Date of Award


Document Type


Degree Name

Master of Science


Department of Systems Engineering and Management

First Advisor

Darin A. Ladd, PhD.


Unhealthy lifestyles cost businesses, governmental organizations, and the United States military billions of dollars every year. To fight this rising cost as well as potentially save lives this study sought to understand if a cognitive-behavioral motivation treatment could positively affect the cognitive variables (attitude, self-efficacy, and locus of control) that induce long term behavior change. Anthropometric measurements, specifically body mass index, abdominal circumference, and abdominal height, were used to determine if long term behavior change resulted from the treatment. The Theory of Planned Behavior was the basis of this thesis' model, while the Valence, Instrumentality, and Expectancy (VIE) theory was the foundation for the cognitive-behavioral motivation treatment. Structural Equation Modeling (SEM) tested the theory based model and found two results: a cognitive-behavioral motivation treatment can positively affect cognitive changes that improve behavior and health and, a causal or mediation relationship among the cognitive variables of locus of control and self-efficacy was found instead of the predicted parallel relationship. Effective implementation of an intervention like the one used in this study could lower the United States Air Force's health care bill by as much as $40 million, improve employee efficiency and mission capability, enable longer healthier lives, and prevent premature death.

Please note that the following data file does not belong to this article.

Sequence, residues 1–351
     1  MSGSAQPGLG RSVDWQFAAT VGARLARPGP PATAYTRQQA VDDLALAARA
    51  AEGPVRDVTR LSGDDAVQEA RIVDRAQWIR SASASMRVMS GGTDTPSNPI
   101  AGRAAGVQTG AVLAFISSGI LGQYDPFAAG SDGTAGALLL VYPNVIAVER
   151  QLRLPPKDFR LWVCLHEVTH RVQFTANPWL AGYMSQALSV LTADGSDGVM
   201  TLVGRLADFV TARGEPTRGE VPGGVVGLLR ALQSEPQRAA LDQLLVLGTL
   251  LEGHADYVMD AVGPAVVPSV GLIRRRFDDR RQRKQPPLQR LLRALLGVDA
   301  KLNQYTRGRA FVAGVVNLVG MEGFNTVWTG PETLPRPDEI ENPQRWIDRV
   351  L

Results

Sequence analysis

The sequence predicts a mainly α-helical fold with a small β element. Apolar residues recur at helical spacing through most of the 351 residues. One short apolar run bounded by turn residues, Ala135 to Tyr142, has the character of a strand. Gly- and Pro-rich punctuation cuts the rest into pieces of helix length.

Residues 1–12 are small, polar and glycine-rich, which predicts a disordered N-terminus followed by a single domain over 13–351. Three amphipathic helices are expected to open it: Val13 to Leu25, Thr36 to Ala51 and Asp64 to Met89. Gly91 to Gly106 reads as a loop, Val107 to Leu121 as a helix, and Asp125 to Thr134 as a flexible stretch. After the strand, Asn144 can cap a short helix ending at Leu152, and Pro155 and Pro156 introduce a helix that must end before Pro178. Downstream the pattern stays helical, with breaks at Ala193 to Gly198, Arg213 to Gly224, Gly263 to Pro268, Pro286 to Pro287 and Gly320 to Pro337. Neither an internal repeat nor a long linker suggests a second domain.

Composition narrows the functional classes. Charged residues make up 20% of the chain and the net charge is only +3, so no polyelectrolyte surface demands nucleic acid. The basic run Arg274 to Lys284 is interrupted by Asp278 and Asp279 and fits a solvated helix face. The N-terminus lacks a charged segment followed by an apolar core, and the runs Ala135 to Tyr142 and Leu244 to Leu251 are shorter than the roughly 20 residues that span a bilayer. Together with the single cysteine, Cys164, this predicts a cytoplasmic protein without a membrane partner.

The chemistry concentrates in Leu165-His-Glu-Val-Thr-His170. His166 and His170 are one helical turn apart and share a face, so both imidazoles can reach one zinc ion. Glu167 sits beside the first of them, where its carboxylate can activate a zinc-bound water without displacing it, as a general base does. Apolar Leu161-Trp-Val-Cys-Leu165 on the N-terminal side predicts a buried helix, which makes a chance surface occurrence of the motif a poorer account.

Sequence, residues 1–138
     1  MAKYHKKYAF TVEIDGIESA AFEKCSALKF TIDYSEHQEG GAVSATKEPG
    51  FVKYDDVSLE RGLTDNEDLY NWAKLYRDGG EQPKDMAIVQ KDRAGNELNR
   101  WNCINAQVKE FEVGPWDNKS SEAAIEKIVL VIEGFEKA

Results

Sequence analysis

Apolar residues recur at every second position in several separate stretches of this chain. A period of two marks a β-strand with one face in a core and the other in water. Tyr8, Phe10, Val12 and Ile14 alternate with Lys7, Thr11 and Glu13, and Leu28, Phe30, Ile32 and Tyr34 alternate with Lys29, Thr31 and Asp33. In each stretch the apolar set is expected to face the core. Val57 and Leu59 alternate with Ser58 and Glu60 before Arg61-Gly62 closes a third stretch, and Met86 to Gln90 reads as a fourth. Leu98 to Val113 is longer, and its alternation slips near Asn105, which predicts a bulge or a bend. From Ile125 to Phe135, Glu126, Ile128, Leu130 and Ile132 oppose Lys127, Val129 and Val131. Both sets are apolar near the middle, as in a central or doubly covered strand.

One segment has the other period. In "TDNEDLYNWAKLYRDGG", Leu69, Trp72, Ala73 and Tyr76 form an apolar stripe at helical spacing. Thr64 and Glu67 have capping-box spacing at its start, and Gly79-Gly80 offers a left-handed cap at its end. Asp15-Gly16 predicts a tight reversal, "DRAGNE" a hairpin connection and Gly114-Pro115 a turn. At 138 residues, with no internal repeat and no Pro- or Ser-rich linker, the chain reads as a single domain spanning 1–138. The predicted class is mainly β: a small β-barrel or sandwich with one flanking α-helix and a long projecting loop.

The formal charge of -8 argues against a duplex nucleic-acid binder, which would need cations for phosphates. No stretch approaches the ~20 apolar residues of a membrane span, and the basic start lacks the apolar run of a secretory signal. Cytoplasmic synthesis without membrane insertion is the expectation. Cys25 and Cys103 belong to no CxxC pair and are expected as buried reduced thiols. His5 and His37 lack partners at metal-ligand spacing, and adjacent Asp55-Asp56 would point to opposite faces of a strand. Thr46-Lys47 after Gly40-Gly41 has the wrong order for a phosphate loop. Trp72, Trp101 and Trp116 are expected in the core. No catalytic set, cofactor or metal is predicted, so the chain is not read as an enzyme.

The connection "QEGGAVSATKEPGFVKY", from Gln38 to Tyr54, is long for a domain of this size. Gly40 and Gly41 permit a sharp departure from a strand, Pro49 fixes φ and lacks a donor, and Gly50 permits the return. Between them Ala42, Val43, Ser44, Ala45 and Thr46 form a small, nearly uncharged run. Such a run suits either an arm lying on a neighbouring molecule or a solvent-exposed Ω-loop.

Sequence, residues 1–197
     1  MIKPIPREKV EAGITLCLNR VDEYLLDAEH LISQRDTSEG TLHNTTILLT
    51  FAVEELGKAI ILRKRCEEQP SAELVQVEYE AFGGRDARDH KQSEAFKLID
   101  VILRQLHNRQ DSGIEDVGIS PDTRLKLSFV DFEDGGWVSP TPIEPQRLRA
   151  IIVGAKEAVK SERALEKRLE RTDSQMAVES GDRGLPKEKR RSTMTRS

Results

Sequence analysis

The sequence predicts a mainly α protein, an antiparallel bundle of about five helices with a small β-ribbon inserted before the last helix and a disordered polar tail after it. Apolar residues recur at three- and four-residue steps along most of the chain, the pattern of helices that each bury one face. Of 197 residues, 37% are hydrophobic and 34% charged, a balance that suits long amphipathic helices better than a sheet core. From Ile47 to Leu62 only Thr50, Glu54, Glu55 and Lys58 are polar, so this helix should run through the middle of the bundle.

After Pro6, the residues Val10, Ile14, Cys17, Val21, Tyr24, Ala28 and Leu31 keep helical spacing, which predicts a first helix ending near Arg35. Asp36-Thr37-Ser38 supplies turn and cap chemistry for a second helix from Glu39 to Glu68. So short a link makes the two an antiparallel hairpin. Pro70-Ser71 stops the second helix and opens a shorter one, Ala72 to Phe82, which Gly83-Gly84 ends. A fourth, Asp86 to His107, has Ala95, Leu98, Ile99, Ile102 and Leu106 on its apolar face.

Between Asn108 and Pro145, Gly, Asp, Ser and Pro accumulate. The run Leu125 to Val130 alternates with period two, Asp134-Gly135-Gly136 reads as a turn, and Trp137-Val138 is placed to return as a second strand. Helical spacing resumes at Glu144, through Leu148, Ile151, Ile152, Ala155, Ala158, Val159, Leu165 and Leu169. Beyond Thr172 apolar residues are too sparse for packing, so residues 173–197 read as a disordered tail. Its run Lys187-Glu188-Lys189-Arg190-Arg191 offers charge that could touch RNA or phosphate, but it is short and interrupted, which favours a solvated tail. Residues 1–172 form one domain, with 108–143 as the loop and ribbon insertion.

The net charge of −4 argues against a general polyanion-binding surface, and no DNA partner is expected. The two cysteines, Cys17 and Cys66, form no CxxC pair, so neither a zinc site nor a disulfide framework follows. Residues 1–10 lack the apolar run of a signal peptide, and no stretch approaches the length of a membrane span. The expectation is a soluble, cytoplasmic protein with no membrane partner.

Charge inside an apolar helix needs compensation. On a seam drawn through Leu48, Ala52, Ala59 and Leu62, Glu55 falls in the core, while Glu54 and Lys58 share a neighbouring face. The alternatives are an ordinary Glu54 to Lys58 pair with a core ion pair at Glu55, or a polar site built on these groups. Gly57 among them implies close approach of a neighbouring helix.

AFIT Designator


DTIC Accession Number